Write On!

Sometimes Losing is a Win

In Uncategorized on March 22, 2012 at 6:05 pm

by Tara Wiley

Searing pain radiates through my entire body, and I am stunned awake.

I was told that I would awaken feeling better than I did before surgery. At least that’s what my friends who have had their gall bladders removed said. The pain of the attacks was always worse than the pain of the recovery, they promised.

My tongue fills my mouth. I need something wet, and I try to open my lips to ask for ice chips, because my stomach says absolutely NO to anything else.

My stomach. My legs! Somehow I thought the pain would be focused in my upper ribcage, like the gall bladder pain. My shoulders hurt; I knew the anesthesia would do that. I expected that. But the rest… what happened?

I push through the fog and try to open my eyes. A doctor stands over me, and by the crinkling of his eyes, I can tell he is smiling behind his mask.

“Hello, sleepyhead,” he says, far too jovially. “Everything went great. You are going to be SO pleased with the results, I promise. But for now, rest and let the meds keep you comfortable. I’ll see you soon!” I don’t recognize his voice. I don’t recognize his eyes. Then I remember the moment, going into surgery: the anesthesiologist had already started the IV, so it was foggy, but I do remember a doctor saying something about my doctor being called away or something… and then they start to draw all over my belly, not anywhere near my gall bladder… I try not to panic as I sink back into oblivion.

Dreams begin to flood over me, and the next hours are all a blur of pain and sleep and confusion.

I am in seventh grade, dribbling the basketball down the court, so proud of myself. I am dribbling! No one is stealing the ball! Maybe I’m beginning to get better at this after all. The basket nears, and I feel my confidence soar as I prepare for a perfect layup. All I see is me, the ball, the net, swooshing as I score two points – and then I hear the screaming teammates, the angry coach, the laughing opposition.

“Wrong way! Wrong way!”

“You just scored for the other team!”



The heat of shame, the humiliation, it is real, and I awaken in a sweat. Loss. Another loss. I click the morphine button, then the nurse’s station button, and ask for ice chips, and I think she comes in before I fall back asleep. I hear her saying I need to get up and moving soon. Which direction do I go, I think, and then realize we’re not talking basketball anymore. I sleep.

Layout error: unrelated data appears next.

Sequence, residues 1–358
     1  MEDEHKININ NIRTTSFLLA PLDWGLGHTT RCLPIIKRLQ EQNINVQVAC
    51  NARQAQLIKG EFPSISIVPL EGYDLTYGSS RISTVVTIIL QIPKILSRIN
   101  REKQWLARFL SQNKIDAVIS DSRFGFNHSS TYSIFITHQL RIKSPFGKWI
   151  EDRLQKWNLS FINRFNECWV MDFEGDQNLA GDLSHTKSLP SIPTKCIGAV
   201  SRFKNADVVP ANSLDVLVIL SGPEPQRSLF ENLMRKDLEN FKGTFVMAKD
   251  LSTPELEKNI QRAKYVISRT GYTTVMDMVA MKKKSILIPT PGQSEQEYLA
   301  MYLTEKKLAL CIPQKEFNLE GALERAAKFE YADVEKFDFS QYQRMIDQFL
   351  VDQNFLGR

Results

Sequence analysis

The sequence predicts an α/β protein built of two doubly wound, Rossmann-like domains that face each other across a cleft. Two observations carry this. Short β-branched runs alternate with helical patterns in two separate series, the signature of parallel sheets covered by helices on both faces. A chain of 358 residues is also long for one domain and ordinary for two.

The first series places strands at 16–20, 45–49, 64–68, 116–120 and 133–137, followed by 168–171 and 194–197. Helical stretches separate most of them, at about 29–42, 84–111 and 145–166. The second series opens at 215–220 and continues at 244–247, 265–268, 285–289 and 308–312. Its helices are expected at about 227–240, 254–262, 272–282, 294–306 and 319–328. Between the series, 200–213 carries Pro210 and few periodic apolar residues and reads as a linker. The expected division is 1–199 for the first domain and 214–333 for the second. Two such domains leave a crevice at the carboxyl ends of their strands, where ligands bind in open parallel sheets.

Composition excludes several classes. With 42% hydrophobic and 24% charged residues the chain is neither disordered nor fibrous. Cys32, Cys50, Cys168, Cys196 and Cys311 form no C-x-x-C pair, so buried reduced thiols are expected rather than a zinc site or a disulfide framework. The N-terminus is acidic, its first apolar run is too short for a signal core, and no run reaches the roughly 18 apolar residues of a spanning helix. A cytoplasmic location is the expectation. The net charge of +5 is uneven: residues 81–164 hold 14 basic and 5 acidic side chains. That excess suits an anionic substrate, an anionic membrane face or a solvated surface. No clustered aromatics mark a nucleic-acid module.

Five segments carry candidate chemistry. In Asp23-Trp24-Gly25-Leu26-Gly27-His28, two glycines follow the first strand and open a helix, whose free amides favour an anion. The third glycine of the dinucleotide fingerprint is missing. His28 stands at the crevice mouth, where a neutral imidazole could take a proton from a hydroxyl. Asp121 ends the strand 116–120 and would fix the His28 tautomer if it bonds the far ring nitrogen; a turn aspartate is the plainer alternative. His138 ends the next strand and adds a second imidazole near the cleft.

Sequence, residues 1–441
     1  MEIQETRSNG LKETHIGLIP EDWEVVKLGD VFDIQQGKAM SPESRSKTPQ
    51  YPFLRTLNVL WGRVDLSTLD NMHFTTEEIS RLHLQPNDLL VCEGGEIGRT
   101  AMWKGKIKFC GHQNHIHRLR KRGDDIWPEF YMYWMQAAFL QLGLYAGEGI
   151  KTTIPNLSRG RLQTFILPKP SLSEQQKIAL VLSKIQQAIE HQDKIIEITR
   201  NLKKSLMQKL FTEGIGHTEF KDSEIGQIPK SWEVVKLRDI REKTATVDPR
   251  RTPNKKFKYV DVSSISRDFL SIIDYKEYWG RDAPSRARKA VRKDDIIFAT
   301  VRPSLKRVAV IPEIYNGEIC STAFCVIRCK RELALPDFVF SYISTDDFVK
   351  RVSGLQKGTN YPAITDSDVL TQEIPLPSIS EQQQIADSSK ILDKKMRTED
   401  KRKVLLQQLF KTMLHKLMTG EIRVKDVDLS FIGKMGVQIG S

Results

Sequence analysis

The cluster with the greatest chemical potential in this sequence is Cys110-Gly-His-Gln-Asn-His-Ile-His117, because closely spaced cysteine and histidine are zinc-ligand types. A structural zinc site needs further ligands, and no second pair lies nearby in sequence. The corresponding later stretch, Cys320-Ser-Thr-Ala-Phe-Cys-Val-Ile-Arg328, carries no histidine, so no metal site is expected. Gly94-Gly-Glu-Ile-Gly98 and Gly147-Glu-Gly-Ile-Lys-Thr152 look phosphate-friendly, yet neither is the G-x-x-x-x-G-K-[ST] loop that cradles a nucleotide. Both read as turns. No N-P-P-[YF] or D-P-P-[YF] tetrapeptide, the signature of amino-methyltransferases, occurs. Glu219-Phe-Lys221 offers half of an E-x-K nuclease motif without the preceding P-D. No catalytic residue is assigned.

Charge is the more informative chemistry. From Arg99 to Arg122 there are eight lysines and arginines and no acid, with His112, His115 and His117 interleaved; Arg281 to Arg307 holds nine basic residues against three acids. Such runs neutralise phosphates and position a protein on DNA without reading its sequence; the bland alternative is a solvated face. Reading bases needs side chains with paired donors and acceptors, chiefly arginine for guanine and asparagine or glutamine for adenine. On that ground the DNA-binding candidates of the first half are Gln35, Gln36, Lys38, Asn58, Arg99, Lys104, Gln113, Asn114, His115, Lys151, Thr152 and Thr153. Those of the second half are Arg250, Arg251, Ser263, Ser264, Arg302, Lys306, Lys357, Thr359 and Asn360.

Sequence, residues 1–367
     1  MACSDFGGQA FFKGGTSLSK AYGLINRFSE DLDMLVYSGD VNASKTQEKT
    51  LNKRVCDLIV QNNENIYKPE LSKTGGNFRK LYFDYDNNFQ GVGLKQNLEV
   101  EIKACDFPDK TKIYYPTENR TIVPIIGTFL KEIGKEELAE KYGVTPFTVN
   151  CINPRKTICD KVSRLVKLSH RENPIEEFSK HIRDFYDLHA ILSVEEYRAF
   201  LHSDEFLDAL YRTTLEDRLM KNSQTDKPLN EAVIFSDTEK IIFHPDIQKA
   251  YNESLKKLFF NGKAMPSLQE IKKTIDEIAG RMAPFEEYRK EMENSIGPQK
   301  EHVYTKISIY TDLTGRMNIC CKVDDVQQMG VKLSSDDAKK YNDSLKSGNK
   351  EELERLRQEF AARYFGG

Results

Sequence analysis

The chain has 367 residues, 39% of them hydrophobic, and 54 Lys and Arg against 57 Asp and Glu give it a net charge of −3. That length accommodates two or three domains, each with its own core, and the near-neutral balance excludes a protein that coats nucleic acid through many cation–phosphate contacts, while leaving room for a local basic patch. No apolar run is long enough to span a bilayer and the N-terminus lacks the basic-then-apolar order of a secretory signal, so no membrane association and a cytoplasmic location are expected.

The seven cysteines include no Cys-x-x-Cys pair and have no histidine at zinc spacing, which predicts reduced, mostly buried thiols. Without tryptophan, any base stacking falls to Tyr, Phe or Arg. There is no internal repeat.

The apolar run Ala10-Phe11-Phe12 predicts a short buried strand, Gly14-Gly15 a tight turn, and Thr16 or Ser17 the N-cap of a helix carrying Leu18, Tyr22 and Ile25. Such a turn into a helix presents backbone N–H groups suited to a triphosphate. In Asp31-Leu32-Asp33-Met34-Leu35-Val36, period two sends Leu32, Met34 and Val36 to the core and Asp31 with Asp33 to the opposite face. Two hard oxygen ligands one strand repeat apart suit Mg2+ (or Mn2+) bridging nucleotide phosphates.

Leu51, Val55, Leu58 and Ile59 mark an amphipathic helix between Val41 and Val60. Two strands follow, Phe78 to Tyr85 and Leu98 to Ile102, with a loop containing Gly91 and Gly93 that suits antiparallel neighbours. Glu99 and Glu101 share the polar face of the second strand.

I am in high school. I am running late, as always, trying to find my homework on my desk, my keys in the basket by the door but they aren’t there, and my sister is irritated, I always make us late with my habit of losing things. My mother is yelling at me, and it just stresses me out, all this pressure, and I know that I am going to get both my sister and me in detention if we don’t get out the door soon, because I’ve made us late that many times. I am the queen of losing things, but I don’t get to earn a crown. The pressure –

Something is squeezing me. There is deep pressure around my abdomen and thighs, and then there are these thick tubes around my calves that pulsate, squeezing then releasing, and I want.them.off. I click the nurse button.

“The compression sleeves are necessary for healing, dear, and the ones around your calves keep you from having blood clots. Try to think of it as a nice, free massage. I know it can be irritating,” she soothes. It’s not soothing.

“I didn’t know –“  I swallow. Foggy brain makes it hard to articulate my questions. “Why compression sleeves?”

“Did they not cover this for you in your pre-op? I swear, I get so irritated sometimes with the way these offices cut corners and keep people uninformed,” she mutters, then raises her voice to a forced cheeriness as she addresses my concern. “After abdominal repair tummy tucks and liposuction –“

“WHAT?” The remaining fog instantly lifted with this shocking revelation. “WHAT. ABOUT. MY. GALL. BLADDER?!” The confusion passing across the nurse’s face does not comfort me at all.

“Just – just a moment, dear,” she stutters as she runs from the room.

Awake enough now to move, I lift the layers of sheets and blankets to look at my swollen body. Shock slowly settles over me as I recognize that I have most definitely lost something again. I wonder for a moment if it is my mind.

The nurse does not return. Fully awake now, I realize I am a bit hungry and most definitely need to pee, and besides, I have to determine what part of this is optical illusion and what is real.

A different nurse comes in to help me get up. It is not pleasant. She will not answer a single question. Despite the pain, despite the confusion, I am very aware of some very real changes in my body. I should be furious – I am furious – but then a sudden giddiness sweeps over me and I am suppressing a giggle – oh, it hurts! – because this time, the loss is most definitely a win.


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